(Reuters) - The euro edged up on Monday after the Greek parliament approved an austerity bill that put the country a step closer to securing much-needed funds, though market players warned of more hurdles before lenders seal a bailout deal.
The 'yes' vote by Greek lawmakers, while largely expected, provided some relief as any failure to achieve this would have led to a default by Greece, shifting immediate market focus to how the euro zone, especially its paymaster Germany, will react.
I'm not sure if it's time for a hurrah. It's still uncertain whether euro zone finance ministers will agree on the bailout at a meeting planned on Wednesday, said Masafumi Yamamoto, chief forex strategist at Barclays Capital.
The euro gained about 0.3 percent to $1.3235, recouping some of the losses made on Friday and about a cent below a two-month high of $1.3322 hit last week, with its 90-day moving average of $1.3314 seen as a major resistance point.
Although the austerity bill passed the parliament, violent street protests in Athens and the departure of six Greek cabinet ministers underscored the difficulty of implementing unpopular steps.
Euro zone finance ministers also expect Greece to explain how 325 million euros ($430 million) of this year's total budget cuts -- as yet unspecified -- will be achieved before it agrees to the bailout in a meeting planned on Wednesday.
NOT GOOD ENOUGH
Highlighting the exasperation on the side of Germany, the country's finance minister, Wolfgang Schaeuble, said in an interview with German newspaper Welt am Sonntag that Greek promises on austerity measures are no longer good enough because so many vows have been broken.
In addition, there are also concerns that hedge funds may have built up sufficiently large holdings of Greek bonds to scupper bond swap deals, termed private sector involvement (PSI).
On the other hand, the euro is likely to draw some support from signs of stability in other euro zone countries, with the spread of Portuguese bond yields over German bonds slipping to one-month lows.
Fear of a major banking crisis in Europe has subsided as the European Central Bank is offering to provide an unlimited amount of three-year loans for the second time later this month after the first such operation in December.
Against this backdrop, Institutional investors have been cutting short positions since January, said Kimihiko Tomita, head of forex at State Street.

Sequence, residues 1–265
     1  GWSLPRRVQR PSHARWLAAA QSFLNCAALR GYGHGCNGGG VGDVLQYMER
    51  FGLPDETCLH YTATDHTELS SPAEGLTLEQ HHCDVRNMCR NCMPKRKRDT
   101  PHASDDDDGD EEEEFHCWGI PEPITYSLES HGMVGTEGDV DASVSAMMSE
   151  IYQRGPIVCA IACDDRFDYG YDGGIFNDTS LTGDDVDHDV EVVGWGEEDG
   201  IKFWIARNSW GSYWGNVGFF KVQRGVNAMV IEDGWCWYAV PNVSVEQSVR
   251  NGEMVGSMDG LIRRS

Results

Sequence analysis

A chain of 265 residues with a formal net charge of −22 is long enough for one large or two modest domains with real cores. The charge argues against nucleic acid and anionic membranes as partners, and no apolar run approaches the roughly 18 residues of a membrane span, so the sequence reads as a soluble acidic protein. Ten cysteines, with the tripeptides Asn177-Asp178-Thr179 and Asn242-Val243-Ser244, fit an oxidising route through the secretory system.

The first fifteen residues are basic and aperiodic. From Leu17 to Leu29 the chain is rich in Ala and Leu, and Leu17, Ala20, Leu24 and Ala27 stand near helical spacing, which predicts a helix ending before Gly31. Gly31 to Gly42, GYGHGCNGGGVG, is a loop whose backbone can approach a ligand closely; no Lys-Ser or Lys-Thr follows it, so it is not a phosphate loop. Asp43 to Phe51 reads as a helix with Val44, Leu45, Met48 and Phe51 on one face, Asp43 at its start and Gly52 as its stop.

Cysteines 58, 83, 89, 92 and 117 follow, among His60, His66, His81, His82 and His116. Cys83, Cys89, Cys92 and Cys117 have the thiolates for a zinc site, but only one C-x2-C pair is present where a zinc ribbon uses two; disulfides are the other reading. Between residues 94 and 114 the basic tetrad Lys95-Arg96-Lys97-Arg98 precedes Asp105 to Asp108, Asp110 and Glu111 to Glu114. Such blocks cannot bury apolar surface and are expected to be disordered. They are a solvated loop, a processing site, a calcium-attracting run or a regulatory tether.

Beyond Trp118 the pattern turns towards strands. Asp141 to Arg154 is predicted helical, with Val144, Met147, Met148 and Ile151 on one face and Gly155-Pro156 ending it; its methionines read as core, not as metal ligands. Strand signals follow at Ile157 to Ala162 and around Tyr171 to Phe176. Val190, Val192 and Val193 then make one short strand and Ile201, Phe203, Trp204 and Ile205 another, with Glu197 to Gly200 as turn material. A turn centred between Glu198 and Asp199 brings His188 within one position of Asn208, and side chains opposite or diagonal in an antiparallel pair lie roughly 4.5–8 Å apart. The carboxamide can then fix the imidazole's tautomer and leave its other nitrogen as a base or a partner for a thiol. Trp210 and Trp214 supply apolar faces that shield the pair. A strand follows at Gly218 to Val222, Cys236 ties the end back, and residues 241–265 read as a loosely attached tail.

If you think there will be no Armageddon, there is no need to take new euro short positions now. But on the other hand, it's questionable whether investors will become so positive about the euro as to become net long, Tomita said.
As the Greek vote improved sentiment on risk assets, the Australian dollar also gained 0.5 percent to $1.0720, though it was off a two-month high of $1.0845.
The yen briefly eased on expectations of more easing by the Bank of Japan and a weaker than expected reading in Japan's GDP.
The dollar rose to 77.78 yen, just below a two-week high of 77.81 yen hit on Friday, though offers from Japanese investors repatriating coupon pavements on U.S. bonds later this week were enough to push it back to around 77.63 yen.
On the weekly Ichimoku chart, the dollar closed above the kijun line last week for the first time since May last year, which could be seen as a positive sign.
If the Bank of Japan eases its policy this week, which I think is unlikely, that could add momentum to the yen's downtrend, said Teppei Ino, a currency analyst at the Bank of Tokyo Mitsubishi-UFJ.
Many market players also think offers from Japanese exporters will help keep the dollar in its well-worn range of 76-78.50 yen.
The BOJ starts a two-day policy meeting on Monday and is widely expected to make its vague commitment to an inflation target clearer while steering clear of increasing its asset purchases for now.
(Editing by Joseph Radford)